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Molecular Medicine

, Volume 20, Issue 1, pp 667–675 | Cite as

Stimulation of the α7 Nicotinic Acetylcholine Receptor Protects against Neuroinflammation after Tibia Fracture and Endotoxemia in Mice

  • Niccolò Terrando
  • Ting Yang
  • Jae Kyu Ryu
  • Phillip T. Newton
  • Claudia Monaco
  • Marc Feldmann
  • Daqing Ma
  • Katerina Akassoglou
  • Mervyn Maze
Research Article

Abstract

Surgery and critical illness often associate with cognitive decline. Surgical trauma or infection can lead independently to learning and memory impairments via similar, but not identical, cellular signaling of the innate immune system that promotes neuroinflammation. In this study we explored the putative synergism between aseptic orthopedic surgery and infection, the latter reproduced by postoperative lipopolysaccharide (LPS) administration. We observed that surgery and LPS augmented systemic inflammation up to postoperative d 3 and this was associated with further neuroinflammation (CD11b and CD68 immunoreactivity) in the hippocampus in mice compared with those receiving surgery or LPS alone. Administration of a selective α7 subtype nicotinic acetylcholine receptor (α7 nAChR) agonist 2 h after LPS significantly improved neuroinflammation and hippocampal-dependent memory dysfunction. Modulation of nuclear factor-kappa B (NF-κB) activation in monocytes and regulation of the oxidative stress response through nicotinamide adenine dinucleotide phosphate (NADPH) signaling appear to be key targets in modulating this response. Overall, these results suggest that it may be conceivable to limit and possibly prevent postoperative complications, including cognitive decline and/or infections, through stimulation of the cholinergic antiinflammatory pathway.

Notes

Acknowledgments

This work was supported by R01 GM104194 (M Maze), the Anesthesia Department, UCSF (M Maze), a research grant program of the European Society of Anaesthesiology and Karolinska Institutet Funds (N Terrando), NIH grants R01 NS052189 and R21 NS082976 (K Akassoglou) and the Mathilda and Terence Kennedy Institute of Rheumatology Trust (M Feldmann, C Monaco).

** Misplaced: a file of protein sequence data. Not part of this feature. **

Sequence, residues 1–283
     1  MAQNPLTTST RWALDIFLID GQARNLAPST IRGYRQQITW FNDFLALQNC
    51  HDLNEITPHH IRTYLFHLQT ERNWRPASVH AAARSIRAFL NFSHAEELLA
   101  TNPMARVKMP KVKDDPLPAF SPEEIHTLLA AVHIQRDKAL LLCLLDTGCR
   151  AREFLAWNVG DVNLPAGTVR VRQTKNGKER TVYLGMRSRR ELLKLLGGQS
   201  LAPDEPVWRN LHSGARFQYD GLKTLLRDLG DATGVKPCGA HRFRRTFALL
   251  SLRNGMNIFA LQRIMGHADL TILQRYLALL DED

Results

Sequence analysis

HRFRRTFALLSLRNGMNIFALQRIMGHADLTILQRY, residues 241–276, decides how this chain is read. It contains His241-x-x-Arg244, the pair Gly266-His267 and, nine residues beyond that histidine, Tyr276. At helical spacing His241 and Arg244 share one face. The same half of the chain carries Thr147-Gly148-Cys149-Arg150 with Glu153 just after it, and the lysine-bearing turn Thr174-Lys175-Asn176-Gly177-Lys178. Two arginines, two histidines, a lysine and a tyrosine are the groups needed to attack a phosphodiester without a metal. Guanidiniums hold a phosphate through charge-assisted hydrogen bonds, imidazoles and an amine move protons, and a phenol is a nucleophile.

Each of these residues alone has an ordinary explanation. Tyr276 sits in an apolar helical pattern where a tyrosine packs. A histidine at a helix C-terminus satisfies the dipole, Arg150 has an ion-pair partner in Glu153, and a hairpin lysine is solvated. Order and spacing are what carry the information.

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© The Author(s) 2014

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Authors and Affiliations

  • Niccolò Terrando
    • 1
    • 2
  • Ting Yang
    • 1
    • 2
  • Jae Kyu Ryu
    • 3
  • Phillip T. Newton
    • 1
    • 4
  • Claudia Monaco
    • 5
  • Marc Feldmann
    • 5
  • Daqing Ma
    • 6
  • Katerina Akassoglou
    • 3
    • 7
  • Mervyn Maze
    • 2
  1. 1.Department of Physiology and PharmacologyKarolinska InstituteStockholmSweden
  2. 2.Department of Anesthesia and Perioperative CareUCSF Medical CenterSan FranciscoUSA
  3. 3.Gladstone Institute of Neurological DiseaseUniversity of California San FranciscoSan FranciscoUSA
  4. 4.Department of Women’s and Children’s HealthAstrid Lindgren Children’s Hospital, Karolinska University HospitalStockholmSweden
  5. 5.Kennedy Institute of Rheumatology, Nuffield Department of Orthopaedics, Rheumatology and Musculoskeletal SciencesUniversity of OxfordLondonUK
  6. 6.Anaesthetics, Pain Medicine and Intensive Care, Department of Surgery and Cancer, Faculty of MedicineImperial College London, Chelsea & Westminster HospitalLondonUK
  7. 7.Department of NeurologyUniversity of California San FranciscoSan FranciscoUSA

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